By: Sarah Mitschke | Category: In Our Communities | Issue: June 2007
Sherry Clark, founder and president of f.a.c.e.s., wears her Hope Blossom to spread the message of healing and hope to victims of domestic violence.
On February 10, 2005, 31-year-old Carrie Tudor, a victim of domestic violence, was shot to death by her ex-husband before he killed himself. The incident occurred at Carrie’s workplace in Tulsa. Carrie’s ex-husband, a drug user, was seemingly unhappy, as he talked about suicide, was unemployed and continually stalked Carrie.
Sherry Clark’s daughter had been a long-time friend of Carrie’s, and their families had been close. Clark had an inspiration shortly after the tragic incident. The idea of a nonprofit organization called f.a.c.e.s., standing for Families And Communities Empowered for Safety, suddenly came to her. As the president and founder of the organization, Clark now works with her daughter and Carrie’s other friends to inspire sufferers to get help and others to give help. Projects taken on by f.a.c.e.s help the community. Clark says, “Violence impacts all of us. Once a person is hurt, it is a cost to not just that person but to the whole community.”
Launched in November 2005 as an outgrowth of RSVP/DVIS Court Watch, f.a.c.e.s. takes a new direction in domestic violence awareness. Clark wanted to take a positive, empowering approach to have a bigger impact on the community. According to the mission statement, “f.a.c.e.s is promotion of family safety across the lifespan through education, collaboration, community building and action.”
As part of its mission to educate the community, f.a.c.e.s. gives presentations to a variety of audiences about family safety and how to help others in need. A few presentations include safety among senior citizens, dating safety for teenagers and young adults, Internet safety for all ages and how domestic abuse can impact the workplace.
The most recent project taken on by Clark and the f.a.c.e.s. organization is educating medical professionals to better assess possible domestic violence victims. “The medical community is the last frontier for f.a.c.e.s.,” Clark says. “The community has begun to address schools and the faith community. This is our next challenge.” A committee has been established to include the Tulsa County Medical Society, the Family Safety Center, Domestic Violence Intervention Services, referred to as DVIS, the Tulsa Osteopathic Medical Society and RSVP. With the help of this collaboration, Clark hopes that medical professionals will soon incorporate domestic violence awareness into their practices, enabling them to recommend services for victims to get help and reach safety.
Clark is currently working to implement domestic violence awareness and safety in schools. More teachers are getting involved to keep their students and themselves safe. A recent Oklahoma statute, in conjunction with the Department of Human Services, requires all Oklahoma teachers to spend at least one hour each year in a presentation about assessing victims of domestic violence and how to handle the situation. Volunteers are now being recruited to give group presentations to teachers, doctors and other professionals to impact our community.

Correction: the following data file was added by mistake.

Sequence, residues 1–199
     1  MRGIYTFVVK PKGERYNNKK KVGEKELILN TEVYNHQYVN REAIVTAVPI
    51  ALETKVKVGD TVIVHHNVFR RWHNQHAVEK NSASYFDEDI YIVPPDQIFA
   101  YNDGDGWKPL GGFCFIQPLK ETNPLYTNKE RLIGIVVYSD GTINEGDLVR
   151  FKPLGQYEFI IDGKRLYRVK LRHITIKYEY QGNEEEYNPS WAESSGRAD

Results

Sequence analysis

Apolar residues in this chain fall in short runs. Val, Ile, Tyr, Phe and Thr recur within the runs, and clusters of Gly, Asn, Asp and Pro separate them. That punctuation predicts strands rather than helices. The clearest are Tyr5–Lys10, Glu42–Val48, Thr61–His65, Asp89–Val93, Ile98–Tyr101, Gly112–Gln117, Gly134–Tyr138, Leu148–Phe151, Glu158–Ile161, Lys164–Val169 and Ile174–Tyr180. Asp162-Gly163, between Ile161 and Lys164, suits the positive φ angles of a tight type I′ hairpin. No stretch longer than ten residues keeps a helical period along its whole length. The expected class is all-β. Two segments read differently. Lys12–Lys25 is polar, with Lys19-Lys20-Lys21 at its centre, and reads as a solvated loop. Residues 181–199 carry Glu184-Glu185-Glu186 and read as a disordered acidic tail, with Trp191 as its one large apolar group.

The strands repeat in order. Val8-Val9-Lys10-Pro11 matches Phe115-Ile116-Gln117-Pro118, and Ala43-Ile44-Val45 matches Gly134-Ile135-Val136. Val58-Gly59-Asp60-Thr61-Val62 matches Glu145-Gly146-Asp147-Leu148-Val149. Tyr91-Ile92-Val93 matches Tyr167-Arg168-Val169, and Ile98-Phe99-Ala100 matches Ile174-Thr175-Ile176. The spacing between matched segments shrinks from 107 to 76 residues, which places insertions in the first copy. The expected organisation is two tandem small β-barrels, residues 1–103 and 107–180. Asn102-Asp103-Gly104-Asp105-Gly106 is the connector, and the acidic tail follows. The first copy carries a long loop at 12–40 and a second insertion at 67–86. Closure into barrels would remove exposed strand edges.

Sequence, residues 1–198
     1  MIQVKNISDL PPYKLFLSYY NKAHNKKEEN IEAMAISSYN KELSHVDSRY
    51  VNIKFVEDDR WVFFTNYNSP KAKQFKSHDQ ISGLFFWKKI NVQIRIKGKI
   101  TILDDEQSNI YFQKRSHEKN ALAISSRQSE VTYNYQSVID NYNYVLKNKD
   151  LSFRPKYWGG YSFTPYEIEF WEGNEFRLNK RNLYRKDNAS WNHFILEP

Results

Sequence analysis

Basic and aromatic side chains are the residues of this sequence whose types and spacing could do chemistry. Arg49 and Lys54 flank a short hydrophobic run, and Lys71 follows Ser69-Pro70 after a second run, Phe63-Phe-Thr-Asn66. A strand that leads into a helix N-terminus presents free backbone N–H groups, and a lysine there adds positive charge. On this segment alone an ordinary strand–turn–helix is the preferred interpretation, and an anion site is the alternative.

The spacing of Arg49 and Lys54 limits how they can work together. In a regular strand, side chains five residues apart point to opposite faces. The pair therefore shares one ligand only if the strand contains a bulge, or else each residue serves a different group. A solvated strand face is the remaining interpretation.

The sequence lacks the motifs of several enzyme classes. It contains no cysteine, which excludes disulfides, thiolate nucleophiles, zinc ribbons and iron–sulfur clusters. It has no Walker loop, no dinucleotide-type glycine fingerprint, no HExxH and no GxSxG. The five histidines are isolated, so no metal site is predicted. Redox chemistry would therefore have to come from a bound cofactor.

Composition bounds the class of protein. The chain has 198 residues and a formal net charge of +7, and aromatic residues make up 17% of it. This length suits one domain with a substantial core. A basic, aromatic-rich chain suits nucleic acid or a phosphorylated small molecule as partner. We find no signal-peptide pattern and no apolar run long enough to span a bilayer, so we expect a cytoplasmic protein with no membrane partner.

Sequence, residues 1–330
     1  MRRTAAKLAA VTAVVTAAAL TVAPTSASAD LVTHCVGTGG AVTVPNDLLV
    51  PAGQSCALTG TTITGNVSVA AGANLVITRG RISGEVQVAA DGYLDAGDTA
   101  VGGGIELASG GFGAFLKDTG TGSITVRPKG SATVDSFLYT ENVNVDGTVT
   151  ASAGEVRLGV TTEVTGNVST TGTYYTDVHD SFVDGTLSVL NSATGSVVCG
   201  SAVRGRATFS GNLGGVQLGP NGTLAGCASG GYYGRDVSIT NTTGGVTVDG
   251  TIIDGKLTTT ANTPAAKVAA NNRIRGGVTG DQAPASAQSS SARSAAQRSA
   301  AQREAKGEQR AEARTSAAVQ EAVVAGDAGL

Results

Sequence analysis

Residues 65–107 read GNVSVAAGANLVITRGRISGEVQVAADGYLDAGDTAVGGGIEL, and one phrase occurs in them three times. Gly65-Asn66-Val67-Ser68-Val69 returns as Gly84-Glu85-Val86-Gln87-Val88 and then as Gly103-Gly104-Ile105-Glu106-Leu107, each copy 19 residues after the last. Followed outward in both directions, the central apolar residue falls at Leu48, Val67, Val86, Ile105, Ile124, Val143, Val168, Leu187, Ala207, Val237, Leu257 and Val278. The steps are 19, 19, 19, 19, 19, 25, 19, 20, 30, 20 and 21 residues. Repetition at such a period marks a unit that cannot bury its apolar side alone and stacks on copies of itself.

Volunteers, whether or not they are victims, help promote healing through knitting projects. Clark is the Oklahoma coordinator for Sheila’s Shawls, a national project that recruits volunteers to knit shawls for victims of all kinds of domestic abuse. Clark added a new local flare to the project with her addition of Hope Blossoms, flowers that are knit to be worn as pins. While some knitters are domestic violence survivors, everyone wanting to make a difference is encouraged to help. While knitting groups have weekly meetings to make shawls and Hope Blossoms, people can privately participate without having to get out of their homes. Non-crafty volunteers can be taught to knit or just donate yarn. The purpose of making healing shawls is to weave good thoughts, healing, hope and love into each piece so it will comfort and warm the recipient. The shawls are distributed through the Family Safety Center and DVIS.
Visit f.a.c.e.s. online at www.facestulsa.org for more information about the nonprofit organization and for knitting groups. If you or a friend or family member is a victim of domestic violence and needs help, call 211 or the Family Safety Center for non-emergency services. Visit the f.a.c.e.s. website for additional options. Help stop the national epidemic and the stigma associated with domestic violence. Call Sherry Clark at (918) 519-3698 today or e-mail her at eat0@eau0eav0eaw0 to get involved.